Humanism, ethics, and civics, especially in language education.

Sodālitās /soˈdaː.li.taːs/ n.f.: fellowship, companionship, brotherhood, friendship, intimacy; abstr. and concr.

I attended a webinar last Friday on Student Debt and the Future of Higher Education (edit Nov. 30: recording available), featuring very corporate-oriented conceptions of the roles and functions of higher education institutions. Three experts from three different institutions shared their takes: Arizona State University’s Director of Online Engagement Ara Austin, economist Bryan Caplan from George Mason, and information technology and marketing professor Mike Smith from Carnegie Mellon. From each of their professional vantage points, they ostensibly came to discuss student debt, though the primary focus of the conversation ended up being the current and future roles of higher education in America, in terms of the student population conceived as revenue streams. In this post, I summarize the discussion and dispute the underlying, unaddressed assumption that higher education must be run as a business.

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Turns out that Learning Management Systems aren’t as secure as they want you to believe–SQL injection vulnerability is a pretty grievous, novice error to make for company like Blackboard.

The US Department of Education has several online resources regarding the collection of students’ personally identifiable information, and even discusses how online education platforms might collect usage metadata from all of our students–but this doesn’t violate FERPA as long as any shared metadata is not directly linked to identifiable information. So there shouldn’t be any issue with that, unless tech companies start using these data and metadata to create a profile of you, even if you don’t have an account with them.

It’s not a stretch to say that a company like Google could take all of these data and metadata from schools’ Google Apps for Education accounts and match them to personal accounts of people whose personal data match. As long as Google keeps the data for themselves (because only disclosing it would violate FERPA), there are no legal protections for any of us, especially our children, from a company that decides to use these metadata to create psychographic profiles for targeted advertising.

“Oh, so Google can show my A-student ads for colleges, and the C-student can get ads for tutoring? What’s the big deal?” The big deal is that an unscrupulous advertising firm might target students based on psychological traits rather than grades alone (which would be Huxleyan enough). Students whose schoolwork shows a lack of critical thinking, or a reactionary mindset–students who are quick to jump to conclusions just by seeing a headline without reading the whole article (or who don’t bother to read the instructions)–they might be susceptible to the kinds of propagandistic voting campaigns that a company like Cambridge Analytica boasted about.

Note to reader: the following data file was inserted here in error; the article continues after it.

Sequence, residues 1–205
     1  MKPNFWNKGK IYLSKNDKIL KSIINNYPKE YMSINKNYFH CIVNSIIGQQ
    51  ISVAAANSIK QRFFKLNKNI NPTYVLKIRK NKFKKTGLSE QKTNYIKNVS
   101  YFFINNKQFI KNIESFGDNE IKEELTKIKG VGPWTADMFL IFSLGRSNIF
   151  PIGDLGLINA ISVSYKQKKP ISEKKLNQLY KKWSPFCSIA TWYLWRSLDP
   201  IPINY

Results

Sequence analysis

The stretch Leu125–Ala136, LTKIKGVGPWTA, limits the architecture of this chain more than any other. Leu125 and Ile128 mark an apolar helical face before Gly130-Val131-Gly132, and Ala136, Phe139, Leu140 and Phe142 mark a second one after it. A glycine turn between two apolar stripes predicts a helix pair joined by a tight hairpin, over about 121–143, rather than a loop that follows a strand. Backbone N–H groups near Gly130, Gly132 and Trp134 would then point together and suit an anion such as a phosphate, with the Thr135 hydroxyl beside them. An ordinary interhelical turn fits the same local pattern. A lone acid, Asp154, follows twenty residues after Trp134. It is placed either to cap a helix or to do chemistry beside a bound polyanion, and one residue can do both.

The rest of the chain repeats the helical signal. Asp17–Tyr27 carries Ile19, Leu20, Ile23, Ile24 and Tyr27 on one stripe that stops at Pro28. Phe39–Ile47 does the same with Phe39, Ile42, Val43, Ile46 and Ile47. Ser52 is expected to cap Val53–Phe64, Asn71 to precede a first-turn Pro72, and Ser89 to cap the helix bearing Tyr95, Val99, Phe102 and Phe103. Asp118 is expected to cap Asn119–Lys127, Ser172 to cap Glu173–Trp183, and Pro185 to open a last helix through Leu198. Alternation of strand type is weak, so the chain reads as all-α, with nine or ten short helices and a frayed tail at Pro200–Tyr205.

This doesn’t even touch special education plans, disciplinary records, medical records, or even family information (some of my students’ files have had notes about their parents’ divorce arrangements). We need to start taking students’ data more seriously, otherwise they’ll have to worry about their “permanent records” for the rest of their lives.

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Before getting into my invective against required e-Textbooks and e-Learning platforms, let me set the stage for my perspective. I’m about to teach a university-level introductory French course. Being an adjunct who was hired to fill the need for an additional section of this class (super exciting to see growth in a language department!), I don’t have much say as to what goes on in terms of curriculum for this course. I have essentially no democratic stake in the operation of this department, or therefore the class; my textbook has been prescribed, as well as the blended-learning format of the course. I do have some educational freedom when it comes to assignments and the order in which we cover the material in the textbook.

These course sections should have some sort of uniformity in order to ensure that students proceed to the second semester of introductory French having covered more or less the same content, and so my gripe here is less about my place at the bottom of the departmental hierarchy (n.b.: I have no ill-will towards my colleagues) and more about the impact of certain prescribed curricular decisions on my students. Namely, this 4-credit course consists of three hours of face-to-face lecture (split to meet twice each week), plus one hour weekly of asynchronous online recitation through the textbook publisher’s e-learning portal. Noteworthy advantages of this format include:

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